Column: Why Credit Cards Are Not Money

Alevin Chan

Alevin Chan

Last updated 14 July, 2017

Credit cards and cash are often interchangeable, but you can get into serious financial trouble if you treat credit cards as a form of money.

Funny Money is a column by Alevin Chan that examines our irrational relationship with money. Why do we rather splurge on a holiday than pay off debt? Why do sales cause us to buy things we don’t need? Why is it ok to drop S$1,000 on a new watch, but not to upgrade our Medishield plan? Join us as we take an up-close look at how funny money can be.

Credit cards can have a strange effect on people. When you’re earning S$3,000 a month, and receive a cash rebate credit card with a S$10,000 limit, putting that card in your wallet can make you feel like you’re sitting on pile of money waiting to be spent. (True story, by the way.)

But you shouldn’t count credit cards as part of your wealth, and making the mistake of doing so can get you into serious financial trouble.

Here are 3 reasons why.

Credit Cards Are Not Money

First off, credit cards are not considered money as they do not have the same characteristics.

Money is an asset that is highly liquid - it can be readily converted into cash (for example, when you withdraw cash from the ATM), or be used as cash.

When you pay S$5 in cash to that chicken rice stall for your lunch, the stall owner can take that same S$5 and go buy a new chopper.

But, if you pay for your meal using a credit card, there’s no S$5 note that has physically changed hands. The stall owner cannot immediately go out and buy a new chopper; he has to wait for his bank to credit the payment to his account.

When you pay for a restaurant meal using a dining credit card, your credit card company lends you the funds needed to settle your bill. You then pay back your credit card company at a later date.

Also, the amount furnished by your credit card company for your purchases is not money. It is an obligation for you to pay it back later.

Let’s say your friend owes you S$20, and you owe S$10 on your credit card. Your credit card company cannot go to your friend to collect the S$10 you owe.

Your obligation is not transferable (i.e., lacks liquidity) and therefore, also cannot be considered money.

Credit Cards Incur Interest Charges

The credit limit on your credit card is an indication of the maximum amount of money the issuer is willing to loan you, and it is put there to facilitate your use of the card.

Your credit limit is pre-approved - which means you are free to put payments on your card, up to that amount. Without this pre-approved amount, you’d have to call up your bank every time you wanted to charge S$300 for a flight ticket to your card. Ain’t nobody got time for that!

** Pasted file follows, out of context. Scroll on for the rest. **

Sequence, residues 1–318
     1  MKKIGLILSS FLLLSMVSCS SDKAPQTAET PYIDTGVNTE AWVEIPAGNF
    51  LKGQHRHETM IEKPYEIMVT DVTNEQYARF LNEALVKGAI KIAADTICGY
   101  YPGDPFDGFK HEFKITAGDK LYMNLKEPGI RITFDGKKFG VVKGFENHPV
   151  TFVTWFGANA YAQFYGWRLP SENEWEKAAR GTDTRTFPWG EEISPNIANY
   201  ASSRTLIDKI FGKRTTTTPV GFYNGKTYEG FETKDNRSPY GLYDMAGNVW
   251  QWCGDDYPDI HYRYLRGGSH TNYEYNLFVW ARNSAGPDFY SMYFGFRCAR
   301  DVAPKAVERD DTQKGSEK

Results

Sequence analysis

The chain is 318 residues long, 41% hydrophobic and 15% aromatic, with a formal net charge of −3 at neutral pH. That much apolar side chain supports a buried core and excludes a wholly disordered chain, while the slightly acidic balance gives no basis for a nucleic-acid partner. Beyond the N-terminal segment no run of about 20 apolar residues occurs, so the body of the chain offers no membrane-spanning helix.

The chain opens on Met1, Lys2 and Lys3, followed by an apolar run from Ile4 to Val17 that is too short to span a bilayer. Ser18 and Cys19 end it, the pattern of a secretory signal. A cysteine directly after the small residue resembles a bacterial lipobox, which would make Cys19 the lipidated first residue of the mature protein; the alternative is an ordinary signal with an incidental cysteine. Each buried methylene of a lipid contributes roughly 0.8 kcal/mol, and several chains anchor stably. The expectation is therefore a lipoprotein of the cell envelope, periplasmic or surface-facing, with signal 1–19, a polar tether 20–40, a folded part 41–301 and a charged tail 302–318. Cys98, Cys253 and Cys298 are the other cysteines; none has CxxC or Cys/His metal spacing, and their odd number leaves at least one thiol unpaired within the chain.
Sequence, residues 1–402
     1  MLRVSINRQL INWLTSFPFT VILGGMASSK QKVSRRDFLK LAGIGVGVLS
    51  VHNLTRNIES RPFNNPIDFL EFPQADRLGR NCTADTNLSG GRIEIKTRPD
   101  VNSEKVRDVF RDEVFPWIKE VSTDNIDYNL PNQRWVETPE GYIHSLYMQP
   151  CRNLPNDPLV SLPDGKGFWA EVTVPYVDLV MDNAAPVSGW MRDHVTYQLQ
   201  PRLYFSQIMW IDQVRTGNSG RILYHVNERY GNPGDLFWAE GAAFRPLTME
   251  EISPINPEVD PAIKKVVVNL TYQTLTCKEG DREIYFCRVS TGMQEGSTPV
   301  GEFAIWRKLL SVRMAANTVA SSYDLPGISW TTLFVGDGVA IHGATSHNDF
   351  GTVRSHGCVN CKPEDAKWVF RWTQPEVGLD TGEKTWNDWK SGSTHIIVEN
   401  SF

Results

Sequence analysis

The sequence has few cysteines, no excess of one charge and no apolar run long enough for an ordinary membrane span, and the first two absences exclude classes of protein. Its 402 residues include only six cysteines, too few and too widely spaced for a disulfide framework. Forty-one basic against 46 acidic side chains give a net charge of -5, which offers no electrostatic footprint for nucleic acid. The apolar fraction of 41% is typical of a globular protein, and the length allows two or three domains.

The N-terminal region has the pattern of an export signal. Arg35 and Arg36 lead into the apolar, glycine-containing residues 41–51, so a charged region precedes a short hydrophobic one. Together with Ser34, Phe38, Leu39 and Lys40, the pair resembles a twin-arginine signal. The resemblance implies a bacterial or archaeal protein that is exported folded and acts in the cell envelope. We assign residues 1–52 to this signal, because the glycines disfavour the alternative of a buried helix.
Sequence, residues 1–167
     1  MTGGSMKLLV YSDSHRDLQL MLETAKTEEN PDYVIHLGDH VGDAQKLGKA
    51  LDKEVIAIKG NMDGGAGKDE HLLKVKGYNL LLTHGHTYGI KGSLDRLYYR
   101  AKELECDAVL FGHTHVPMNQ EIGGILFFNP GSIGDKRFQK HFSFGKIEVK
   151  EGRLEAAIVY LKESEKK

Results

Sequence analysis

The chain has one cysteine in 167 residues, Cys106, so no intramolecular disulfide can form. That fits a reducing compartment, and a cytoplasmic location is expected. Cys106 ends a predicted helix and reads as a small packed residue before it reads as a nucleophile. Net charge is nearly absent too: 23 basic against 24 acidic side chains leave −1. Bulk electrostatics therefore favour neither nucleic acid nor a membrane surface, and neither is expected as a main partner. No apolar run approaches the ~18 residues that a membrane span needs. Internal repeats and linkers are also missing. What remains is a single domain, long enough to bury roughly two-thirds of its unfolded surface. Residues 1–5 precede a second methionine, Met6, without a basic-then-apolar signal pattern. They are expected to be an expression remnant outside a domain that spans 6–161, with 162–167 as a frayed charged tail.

Credit cards are as convenient as cash, especially for large purchases. This can make it easy to think about credit cards as money, possibly because of mental accounting.

A cognitive bias, mental accounting is the tendency for human beings to assign different uses to money coming from different sources.

A credit card can seem like a separate account containing a certain amount of funds. This can cause you to treat credit cards differently than you do your regular bank account.

Let’s say for example you want to go for a holiday, but do not have enough savings to do so. You might be hesitant to ask for an advance from your employer, but you may not have any qualms about using your credit card to pay for the shortfall.

The latter option seems more acceptable, even though you will incur a rollover balance and be subject to interest charges.

In contrast, you do not incur interest for taking an advance from your boss.

Credit Cards Are A Temporary Loan

The most important distinction between money and credit cards is this: the former is an asset, the latter is a possible liability.

Money is an asset because it adds to your net worth. Having money doesn’t disadvantage you in any way. (Well, except for taxes.)

Credit cards, on the other hand, is a type of loan that is designed to facilitate your payments. If you carry a balance - i.e, is unable to pay off your bill in full - you are in effect taking on a loan, and one with pretty high interest to boot.

Taking on a loan also means you get into debt, and debt subtracts from your net worth. This is why credit cards can potentially be a liability.

What if you use your cards responsibly? Well, the credit limit you have been pre-approved to use is not money that you own. Therefore, credit cards cannot be considered as assets.

Credit Cards Can Be Better Than Cash

By now, you understand why you shouldn’t treat credit cards as money. But if you use credit cards the right way, they can be better than cash.

The most attractive thing about credit cards shouldn’t be their credit limits, but the many rewards, privileges and benefits they give you.

From air miles and reward points, to exclusive discounts and cash rebates, there are many ways credit cards help you save money, or gives you a bigger bang for your buck.

Use your credit cards responsibly and wisely, and maintain a balance of zero across all your cards. You’ll see how credit cards can be better than cash.

Read This Next:

How Do Credit Cards Companies in Singapore Make Money?

Credit Card Hacks to Avoid Late Payment Fees

Alevin ChanBy Alevin Chan

A Certified Financial Planner with a curiosity about what makes people tick, Alevin's mission is to help readers understand the psychology of money. He's also on an ongoing quest to optimise happiness and enjoyment in his life.

An ex-Financial Planner with a curiosity about what makes people tick, Alevin’s mission is to help readers understand the psychology of money. He’s also on an ongoing quest to optimise happiness and enjoyment in his life.


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